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OP receives bales of recycled paper bound with wire, which are loaded onto a conveyor for transport into a pulper. An overhead saw cuts the wire. Most wires end up in the pulper, but some get wrapped around the conveyor's shafts and gears. For routine maintenance, the conveyor operator, who worked inside a control shack, switched the machine to maintenance mode. Ruckman and Horvath began following the company’s required lock-out/tag-out procedures and shut down the machine. They removed a guard to remove wires from chains and sprockets. After Horvath left the area, Ruckman, trying to remove wires that were stuck, unlocked and activated the conveyor and reached in. His hand was pulled into the machine. Ruckman was unable to reach the emergency-stop button. Ruckman’s workers’ compensation claim was allowed for left-hand amputation and replantation, major depressive disorder, and total loss of use of the hand. He obtained an additional award for violation of a specific safety requirement (VSSR), alleging that OP had violated regulations that require guards and emergency-shut-off buttons on power-driven conveyors. The Supreme Court of Ohio reversed. OP provided an emergency-stop button within reach of the operator and guards around pinch points during normal operations. When the machine was undergoing maintenance, OP required that the conveyor be shut down and locked. Rules intended to protect the employees while the conveyor is operating do not apply during maintenance when there is no power. Ruckman's violation of safety protocol was the proximate cause of his injury; only acts within the employer’s control can be the basis for a VSSR. View "Ohio Paperboard v. Industrial Commission of Ohio" on Justia Law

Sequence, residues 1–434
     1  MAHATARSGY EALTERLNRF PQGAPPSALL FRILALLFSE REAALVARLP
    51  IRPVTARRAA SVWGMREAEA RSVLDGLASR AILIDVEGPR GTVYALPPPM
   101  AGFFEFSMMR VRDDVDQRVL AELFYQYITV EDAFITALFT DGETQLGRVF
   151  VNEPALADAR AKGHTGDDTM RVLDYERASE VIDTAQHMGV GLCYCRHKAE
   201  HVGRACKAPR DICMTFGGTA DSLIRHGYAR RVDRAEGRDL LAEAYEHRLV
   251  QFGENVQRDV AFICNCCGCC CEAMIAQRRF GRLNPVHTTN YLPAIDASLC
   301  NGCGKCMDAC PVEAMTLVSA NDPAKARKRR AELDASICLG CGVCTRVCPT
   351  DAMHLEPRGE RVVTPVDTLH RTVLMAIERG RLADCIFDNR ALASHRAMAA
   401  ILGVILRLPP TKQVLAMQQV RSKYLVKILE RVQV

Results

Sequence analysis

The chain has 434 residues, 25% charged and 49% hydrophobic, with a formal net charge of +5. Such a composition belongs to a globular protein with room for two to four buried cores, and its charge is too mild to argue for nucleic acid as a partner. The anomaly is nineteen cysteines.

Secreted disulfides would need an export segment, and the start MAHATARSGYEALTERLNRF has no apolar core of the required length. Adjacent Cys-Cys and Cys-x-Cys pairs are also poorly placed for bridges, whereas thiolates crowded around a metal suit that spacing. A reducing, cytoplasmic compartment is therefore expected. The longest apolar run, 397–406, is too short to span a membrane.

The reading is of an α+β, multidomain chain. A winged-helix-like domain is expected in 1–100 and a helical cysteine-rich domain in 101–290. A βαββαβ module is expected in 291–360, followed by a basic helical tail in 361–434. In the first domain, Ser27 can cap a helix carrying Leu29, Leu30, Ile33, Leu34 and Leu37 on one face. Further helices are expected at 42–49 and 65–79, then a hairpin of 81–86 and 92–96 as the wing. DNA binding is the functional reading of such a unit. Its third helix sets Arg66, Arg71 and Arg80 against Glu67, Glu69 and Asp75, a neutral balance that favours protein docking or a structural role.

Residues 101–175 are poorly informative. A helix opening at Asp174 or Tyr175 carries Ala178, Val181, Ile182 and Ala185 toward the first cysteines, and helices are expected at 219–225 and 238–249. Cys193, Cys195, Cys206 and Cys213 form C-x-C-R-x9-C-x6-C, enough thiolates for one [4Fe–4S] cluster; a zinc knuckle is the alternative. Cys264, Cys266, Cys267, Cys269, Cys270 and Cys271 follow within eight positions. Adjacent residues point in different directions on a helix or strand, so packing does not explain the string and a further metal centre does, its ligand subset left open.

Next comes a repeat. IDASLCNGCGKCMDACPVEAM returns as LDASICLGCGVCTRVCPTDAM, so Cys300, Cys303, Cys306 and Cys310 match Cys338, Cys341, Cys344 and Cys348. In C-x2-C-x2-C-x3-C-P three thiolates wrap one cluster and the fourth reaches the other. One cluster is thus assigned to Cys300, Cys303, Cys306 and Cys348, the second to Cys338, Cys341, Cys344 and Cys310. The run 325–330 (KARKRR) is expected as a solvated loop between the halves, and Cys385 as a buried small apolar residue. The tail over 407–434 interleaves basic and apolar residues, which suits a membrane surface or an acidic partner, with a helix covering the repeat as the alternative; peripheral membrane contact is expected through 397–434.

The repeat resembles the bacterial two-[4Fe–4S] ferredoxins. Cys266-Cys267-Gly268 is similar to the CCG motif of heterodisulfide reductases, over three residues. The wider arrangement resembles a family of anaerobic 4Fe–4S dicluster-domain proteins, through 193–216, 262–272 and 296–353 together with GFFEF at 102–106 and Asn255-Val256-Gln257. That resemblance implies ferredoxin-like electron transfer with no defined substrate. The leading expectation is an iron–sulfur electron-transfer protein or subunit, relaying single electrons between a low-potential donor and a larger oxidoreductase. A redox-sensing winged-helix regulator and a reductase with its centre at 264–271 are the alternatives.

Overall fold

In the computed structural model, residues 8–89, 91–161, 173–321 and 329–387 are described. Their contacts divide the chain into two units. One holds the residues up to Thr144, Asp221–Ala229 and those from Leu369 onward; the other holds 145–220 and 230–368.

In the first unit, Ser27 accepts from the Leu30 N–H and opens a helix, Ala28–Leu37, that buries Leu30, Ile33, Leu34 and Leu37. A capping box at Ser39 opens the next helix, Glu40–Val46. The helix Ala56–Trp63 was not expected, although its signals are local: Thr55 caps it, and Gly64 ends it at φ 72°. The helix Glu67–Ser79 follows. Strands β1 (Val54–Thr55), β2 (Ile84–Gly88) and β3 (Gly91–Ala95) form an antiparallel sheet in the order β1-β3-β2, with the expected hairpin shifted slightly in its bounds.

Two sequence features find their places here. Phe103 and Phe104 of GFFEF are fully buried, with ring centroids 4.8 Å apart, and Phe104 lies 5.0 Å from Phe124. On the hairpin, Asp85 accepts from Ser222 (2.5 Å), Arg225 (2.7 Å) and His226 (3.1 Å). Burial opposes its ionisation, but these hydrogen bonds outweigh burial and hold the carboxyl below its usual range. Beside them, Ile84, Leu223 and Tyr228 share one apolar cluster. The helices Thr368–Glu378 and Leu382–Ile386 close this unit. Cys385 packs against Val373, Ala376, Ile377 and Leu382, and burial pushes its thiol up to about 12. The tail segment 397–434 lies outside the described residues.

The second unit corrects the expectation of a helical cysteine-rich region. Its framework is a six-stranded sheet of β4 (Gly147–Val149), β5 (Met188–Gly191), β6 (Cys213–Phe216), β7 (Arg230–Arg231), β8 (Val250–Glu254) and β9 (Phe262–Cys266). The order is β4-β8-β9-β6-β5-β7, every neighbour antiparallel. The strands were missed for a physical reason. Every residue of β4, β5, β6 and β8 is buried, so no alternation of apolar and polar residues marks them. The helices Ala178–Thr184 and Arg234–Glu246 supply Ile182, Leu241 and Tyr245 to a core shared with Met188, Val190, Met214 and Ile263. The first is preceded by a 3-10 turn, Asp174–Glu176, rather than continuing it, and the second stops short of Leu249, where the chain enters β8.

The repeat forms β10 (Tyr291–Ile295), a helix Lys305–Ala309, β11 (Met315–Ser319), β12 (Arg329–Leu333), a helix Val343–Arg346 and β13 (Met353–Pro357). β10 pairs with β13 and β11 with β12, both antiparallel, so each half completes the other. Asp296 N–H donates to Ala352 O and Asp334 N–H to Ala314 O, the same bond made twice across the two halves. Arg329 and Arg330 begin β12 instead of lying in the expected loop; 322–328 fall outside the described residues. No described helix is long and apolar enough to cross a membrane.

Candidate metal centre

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In 2004, McCain was charged with felony murder, aggravated robbery, and falsification. Judge Froelich, of the Montgomery County Court, entered a not-guilty plea on McCain’s behalf after McCain “stood mute.” McCain’s later claimed that he attempted to plead guilty at his arraignment. Later, before Judge Huffman, McCain pleaded guilty to felony-murder and aggravated-robbery. Judge Huffman erroneously informed McCain that he would be subject to postrelease control on the felony-murder charge. Felony murder is an unclassified felony to which the postrelease-control statute does not apply. The sentence erroneously included postrelease control on both convictions. Judge Huffman later issued a nunc pro tunc entry correcting the error. McCain requested records relating to his arraignment, including video and transcripts. Judge Huffman denied his request. In 2016, McCain sought a writ of mandamus in the Second District, claiming that his attempt to enter a guilty plea at his arraignment divested Judge Huffman of jurisdiction; demanding a full copy of the arraignment transcripts, Referee Report and Video; and claiming constitutional deprivations and ineffective assistance of counsel. He sought to invalidate his plea agreement. The Supreme Court of Ohio affirmed dismissal. Habeas corpus, not mandamus, is the appropriate action when an inmate seeks release. The court rejected McCain’s argument that his alleged attempt to enter a guilty plea divested Judge Huffman of jurisdiction; a trial court’s jurisdiction does not end until a final judgment has been entered. Judge Huffman properly corrected the sentencing error. View "McCain v. Huffman" on Justia Law